As the team that launched Techman in 1999, unsurprisingly, we have a few reflections to add to SuperyachtNews' 'future of yacht management software' article, which stemmed from meetings at the 2016 Global Superyacht Forum. Without doubt, the use of software in yachting has evolved and increased in the last twenty or so years, and we software suppliers continue to respond to the increasingly burdensome regulations, which require record keeping and reporting.

However, in response to the question of one package to cover all areas, our scattered individualistic approaches are not helping the industry across the board. As we software providers vie for market share, using different technologies, and without a set of standards, the consumer is often confused and feels un-served. 

The niche market in which we all operate provides us with a huge opportunity to standardise: the actors are few; the data is relatively straightforward; the single language of the sea is officially English. How hard can it be? In my view, there are several restrictions.

First, the very nature of our niche market implies small market, which implies small revenues, which in turn curtails the business ambitions of the software providers. No-one seems prepared to take the financial risk associated with writing a full yacht management 'suite'. The margins are not there to reward the entrepreneur.

We require software to be offline and synched with shore servers, in order to report to management and owners, to tie in with shipyards. This raises complexity and, while not too hard for the smaller one-trick-pony applications, the challenges of feature-upgrade, user management, latency on comms devices, and security means that any 'suite' worthy of the name is going to cost several hundreds of thousands of euros to develop.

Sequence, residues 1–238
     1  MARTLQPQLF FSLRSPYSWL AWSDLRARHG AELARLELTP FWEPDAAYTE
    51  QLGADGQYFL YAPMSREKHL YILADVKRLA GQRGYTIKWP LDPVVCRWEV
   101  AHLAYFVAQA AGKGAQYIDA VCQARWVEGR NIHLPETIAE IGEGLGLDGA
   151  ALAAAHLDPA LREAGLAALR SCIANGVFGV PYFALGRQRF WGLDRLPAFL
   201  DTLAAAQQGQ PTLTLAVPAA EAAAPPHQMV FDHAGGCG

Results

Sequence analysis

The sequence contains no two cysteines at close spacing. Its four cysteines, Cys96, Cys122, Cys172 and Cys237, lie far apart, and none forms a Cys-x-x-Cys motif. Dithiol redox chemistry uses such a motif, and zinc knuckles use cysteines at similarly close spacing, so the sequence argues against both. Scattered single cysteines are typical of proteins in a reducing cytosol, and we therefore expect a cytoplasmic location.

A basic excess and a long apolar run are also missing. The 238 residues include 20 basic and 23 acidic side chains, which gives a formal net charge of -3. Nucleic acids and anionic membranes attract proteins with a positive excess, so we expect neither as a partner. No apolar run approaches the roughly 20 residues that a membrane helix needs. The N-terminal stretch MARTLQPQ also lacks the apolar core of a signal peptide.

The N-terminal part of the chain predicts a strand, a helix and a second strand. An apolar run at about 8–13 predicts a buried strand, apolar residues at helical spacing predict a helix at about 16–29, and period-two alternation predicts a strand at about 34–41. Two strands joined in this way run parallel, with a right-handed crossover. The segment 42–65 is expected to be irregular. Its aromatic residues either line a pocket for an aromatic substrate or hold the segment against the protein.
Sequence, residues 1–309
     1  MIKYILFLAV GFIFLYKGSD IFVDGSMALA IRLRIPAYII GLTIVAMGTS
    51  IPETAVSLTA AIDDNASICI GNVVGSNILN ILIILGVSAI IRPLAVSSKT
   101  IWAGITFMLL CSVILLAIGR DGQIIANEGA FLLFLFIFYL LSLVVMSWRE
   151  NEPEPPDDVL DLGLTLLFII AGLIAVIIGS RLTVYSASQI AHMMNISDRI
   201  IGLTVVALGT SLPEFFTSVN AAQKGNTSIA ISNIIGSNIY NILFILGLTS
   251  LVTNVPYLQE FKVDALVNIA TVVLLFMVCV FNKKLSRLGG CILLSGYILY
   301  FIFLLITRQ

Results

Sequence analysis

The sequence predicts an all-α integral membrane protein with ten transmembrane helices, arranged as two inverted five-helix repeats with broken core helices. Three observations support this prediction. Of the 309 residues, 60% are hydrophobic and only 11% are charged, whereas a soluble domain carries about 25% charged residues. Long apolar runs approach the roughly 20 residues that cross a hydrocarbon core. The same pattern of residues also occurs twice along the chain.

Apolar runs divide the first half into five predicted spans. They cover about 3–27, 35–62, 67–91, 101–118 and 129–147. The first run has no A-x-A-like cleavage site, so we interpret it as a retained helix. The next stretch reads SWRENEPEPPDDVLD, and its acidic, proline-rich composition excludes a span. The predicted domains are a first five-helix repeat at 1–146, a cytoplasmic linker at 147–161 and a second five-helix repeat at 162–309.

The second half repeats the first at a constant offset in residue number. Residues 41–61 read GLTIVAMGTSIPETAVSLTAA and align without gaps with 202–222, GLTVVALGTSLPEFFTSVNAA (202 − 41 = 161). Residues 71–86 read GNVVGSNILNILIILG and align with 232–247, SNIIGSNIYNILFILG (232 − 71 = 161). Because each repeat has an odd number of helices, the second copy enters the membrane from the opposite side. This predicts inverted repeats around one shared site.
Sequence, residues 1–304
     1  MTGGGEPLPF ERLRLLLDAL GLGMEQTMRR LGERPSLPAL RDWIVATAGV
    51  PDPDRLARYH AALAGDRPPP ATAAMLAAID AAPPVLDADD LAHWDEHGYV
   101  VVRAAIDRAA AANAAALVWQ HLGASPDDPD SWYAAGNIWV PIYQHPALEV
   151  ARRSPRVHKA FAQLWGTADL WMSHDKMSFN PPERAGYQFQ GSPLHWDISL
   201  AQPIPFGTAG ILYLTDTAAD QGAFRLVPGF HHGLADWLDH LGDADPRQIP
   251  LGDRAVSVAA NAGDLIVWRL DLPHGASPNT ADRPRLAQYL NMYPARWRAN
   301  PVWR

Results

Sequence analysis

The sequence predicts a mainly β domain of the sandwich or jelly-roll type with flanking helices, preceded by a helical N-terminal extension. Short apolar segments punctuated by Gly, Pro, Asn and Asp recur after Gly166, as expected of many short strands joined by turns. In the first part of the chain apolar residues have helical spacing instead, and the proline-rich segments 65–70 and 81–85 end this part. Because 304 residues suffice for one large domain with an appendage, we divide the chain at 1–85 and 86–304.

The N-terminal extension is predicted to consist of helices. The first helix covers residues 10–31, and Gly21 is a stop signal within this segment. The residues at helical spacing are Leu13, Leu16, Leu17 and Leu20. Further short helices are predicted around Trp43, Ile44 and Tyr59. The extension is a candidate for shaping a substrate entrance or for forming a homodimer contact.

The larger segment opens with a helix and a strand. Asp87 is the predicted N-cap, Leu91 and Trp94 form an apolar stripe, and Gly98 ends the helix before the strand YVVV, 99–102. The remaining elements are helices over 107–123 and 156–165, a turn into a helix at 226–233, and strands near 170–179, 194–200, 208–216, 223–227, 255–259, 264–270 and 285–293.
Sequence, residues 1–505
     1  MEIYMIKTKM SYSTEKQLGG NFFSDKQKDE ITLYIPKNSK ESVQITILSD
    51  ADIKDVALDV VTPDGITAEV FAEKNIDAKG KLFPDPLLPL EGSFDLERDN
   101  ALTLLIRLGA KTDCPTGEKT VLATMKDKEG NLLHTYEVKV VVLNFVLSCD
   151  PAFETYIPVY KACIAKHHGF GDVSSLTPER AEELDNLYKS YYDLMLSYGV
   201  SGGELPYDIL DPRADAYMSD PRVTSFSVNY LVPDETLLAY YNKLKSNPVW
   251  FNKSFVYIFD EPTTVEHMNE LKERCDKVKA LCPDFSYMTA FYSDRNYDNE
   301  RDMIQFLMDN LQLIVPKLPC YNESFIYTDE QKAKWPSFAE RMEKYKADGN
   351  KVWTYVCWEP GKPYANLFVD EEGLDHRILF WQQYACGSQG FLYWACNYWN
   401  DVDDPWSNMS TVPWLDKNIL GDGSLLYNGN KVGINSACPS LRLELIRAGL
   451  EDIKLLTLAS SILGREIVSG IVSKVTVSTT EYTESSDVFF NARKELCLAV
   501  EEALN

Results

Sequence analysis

Second is the un-business-like approach to the problem. The cart (the user requirements) is being pulled by a team comprised of bulls, asses, horses, huskies, and the occasional decent-sized engine. What is 'yacht management'? What would the scope be? Maintenance, inventory, purchasing, compliance, accounts are all in there as basic requirements, and they each have their lexicon. However, no-one has really tried to establish a common set of fields, and there is little talk of 'business rules'.

An owner-client recently commented how efficiently and consistently the staff ran the hotel he had just checked out of. Requests were consistently fulfilled, the deliverables were always high quality, and the polite staff were impeccably turned out. He compared this to his yacht, and questioned why the on board 'front office' and 'back office' were not as seamless and organised. We concluded that business process and training were key; supported by a well-used relevant software system, trained-in and imposed by the management.

So let us for a moment liken our 'yacht management' data to a railway track. We could collaborate to define its dimensions, materials and tolerances. This would then allow the software developers to build the apps, as carriages to run along it. Apps would even have their own features and user interfaces, but the underlying data definitions would be common.

Our yacht industry data railway runs from design, through build, through operations and into refit. And the carriages need to serve designers, new build shipyards, refit shipyards, yacht management companies, charter companies, crew, accountants, family offices, training establishments… please forgive any omissions!

In most mature industries standards organisations have emerged over time. Yachting is barely twenty years old, and could choose to adopt or adapt those already in place. While we have MYBA Charter Agreements and ICOMIA Refit Contracts, we miss the collective appetite to evolve our own set of broader standards. I will happily volunteer to bring these standards together, if the industry can find a collective voice to nominate a driver.

To leave you with a thought; the suite we seek already exists under our noses, we just haven't noticed its evolution as the railway line. The Office 365 framework of components can meet 90 per cent of our yachting business requirements. All we need is a coherent set of standards and business processes to build carriages upon it. These Office rails support both MAC and PC.  At Hub-Ware we decided that is wiser for us, and better for the customer, to base our products and services open a secure, robust, ever-evolving global platform, rather than re-invent the wheel, with smaller, less evolved, less capable, non-future-proofed home-grown rails.

It may be a utopic dream to think that an industry can converge on a set of standards, but I believe that we would serve our narrow client base better if we at least tried.

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